(along with Everett Rogers) a number of early pioneers of diffusion of innovations research.
     We published our findings in this paper:


     Valente, T. W., & Rogers, E. M. (1995). The origins and development of the diffusion of
     innovations paradigm as an example of scientific growth. Science Communication: An
     Interdisciplinary Social Science Journal. 16, 238-269.


     The abstract reads:

     This article traces the emergence of the basic paradigm for early diffusion research created
     by two rural sociologists at Iowa State University, Bryce Ryan and Neal C. Gross. The
     diffusion paradigm spread to an invisible college of midwestern rural sociological
     researchers in the 1950s and 1960s, and then to a larger, interdisciplinary field of
     diffusion scholars. By the late 1960s, rural sociologists lost interest in diffusion studies,
     not because it was ineffective scientifically, but because of lack of support for such study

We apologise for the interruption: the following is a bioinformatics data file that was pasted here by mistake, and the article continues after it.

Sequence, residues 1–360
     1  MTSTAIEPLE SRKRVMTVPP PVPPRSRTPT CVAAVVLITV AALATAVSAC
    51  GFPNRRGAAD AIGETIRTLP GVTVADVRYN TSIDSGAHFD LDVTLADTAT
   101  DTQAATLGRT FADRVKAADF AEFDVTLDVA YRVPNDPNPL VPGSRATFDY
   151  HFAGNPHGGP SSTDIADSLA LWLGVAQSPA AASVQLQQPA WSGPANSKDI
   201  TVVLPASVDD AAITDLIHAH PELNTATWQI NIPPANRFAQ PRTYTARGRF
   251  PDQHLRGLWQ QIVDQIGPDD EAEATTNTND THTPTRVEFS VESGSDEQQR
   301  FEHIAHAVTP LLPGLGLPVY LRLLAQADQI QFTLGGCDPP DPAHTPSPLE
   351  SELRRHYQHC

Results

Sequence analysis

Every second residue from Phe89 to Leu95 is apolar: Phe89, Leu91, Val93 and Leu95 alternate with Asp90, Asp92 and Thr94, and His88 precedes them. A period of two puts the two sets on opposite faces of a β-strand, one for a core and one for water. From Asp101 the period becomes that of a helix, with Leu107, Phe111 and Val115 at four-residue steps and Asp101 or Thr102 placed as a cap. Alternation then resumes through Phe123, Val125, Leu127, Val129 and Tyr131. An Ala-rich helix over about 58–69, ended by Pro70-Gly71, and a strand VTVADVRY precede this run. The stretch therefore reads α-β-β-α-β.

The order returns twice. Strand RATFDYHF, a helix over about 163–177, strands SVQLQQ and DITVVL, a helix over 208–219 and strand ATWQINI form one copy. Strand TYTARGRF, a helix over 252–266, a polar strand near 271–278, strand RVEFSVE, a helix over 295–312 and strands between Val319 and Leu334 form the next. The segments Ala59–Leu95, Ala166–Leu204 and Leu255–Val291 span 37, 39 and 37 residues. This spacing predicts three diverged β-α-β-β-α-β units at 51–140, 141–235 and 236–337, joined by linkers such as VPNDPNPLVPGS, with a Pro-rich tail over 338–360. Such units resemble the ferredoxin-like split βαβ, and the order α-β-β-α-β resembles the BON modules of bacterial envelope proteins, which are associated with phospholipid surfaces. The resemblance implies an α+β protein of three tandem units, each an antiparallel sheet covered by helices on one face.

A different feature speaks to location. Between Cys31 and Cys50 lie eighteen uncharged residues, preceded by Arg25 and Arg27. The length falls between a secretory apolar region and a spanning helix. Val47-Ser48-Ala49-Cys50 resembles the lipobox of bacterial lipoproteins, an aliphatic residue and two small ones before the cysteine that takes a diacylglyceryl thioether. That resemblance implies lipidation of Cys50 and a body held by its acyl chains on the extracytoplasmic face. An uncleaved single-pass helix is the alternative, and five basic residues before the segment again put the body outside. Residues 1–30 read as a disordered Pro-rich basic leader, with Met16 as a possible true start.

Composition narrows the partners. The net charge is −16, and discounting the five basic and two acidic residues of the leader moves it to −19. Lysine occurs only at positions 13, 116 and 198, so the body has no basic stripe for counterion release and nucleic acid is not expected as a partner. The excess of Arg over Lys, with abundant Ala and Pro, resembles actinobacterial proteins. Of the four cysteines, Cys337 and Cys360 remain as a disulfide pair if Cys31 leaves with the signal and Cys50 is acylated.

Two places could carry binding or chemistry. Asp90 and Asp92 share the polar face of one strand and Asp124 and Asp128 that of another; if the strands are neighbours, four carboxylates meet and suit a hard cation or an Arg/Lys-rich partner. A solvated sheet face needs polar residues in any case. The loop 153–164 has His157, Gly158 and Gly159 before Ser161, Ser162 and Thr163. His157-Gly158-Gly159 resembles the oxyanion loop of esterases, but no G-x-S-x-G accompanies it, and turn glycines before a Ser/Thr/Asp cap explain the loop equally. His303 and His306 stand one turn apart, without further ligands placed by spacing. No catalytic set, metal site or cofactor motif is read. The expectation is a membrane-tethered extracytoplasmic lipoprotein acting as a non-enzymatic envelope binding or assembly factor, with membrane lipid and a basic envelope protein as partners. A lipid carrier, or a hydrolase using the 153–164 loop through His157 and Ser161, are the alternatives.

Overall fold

as a consequence of farm overproduction and because most of the interesting research
     questions were thought to be answered.


     -Tom


     Thomas W. Valente, PhD

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     If one looks up the word 'diffusion' in the Dictionary of the History of Science, you get the
     standard explanation that 'diffusion' originated in the 19th c with Graham and Maxwell and
     has a Latin etymology in the word, diffundere, which means "to spread out." There has to be
     more to the story than this, right?

     Earlier references might include the  "diffusion of refracted light" in Robert Greene (1727)
     and "diffusion of light" in Newton's Optical Lectures (1728).


     My question for these listservs is, does anyone have any additional insight into the history
     and origins of the abstract idea of 'diffusion?'


     Thank you,

     Thomas Ball




     Thomas W. Valente, PhD

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     University of Southern California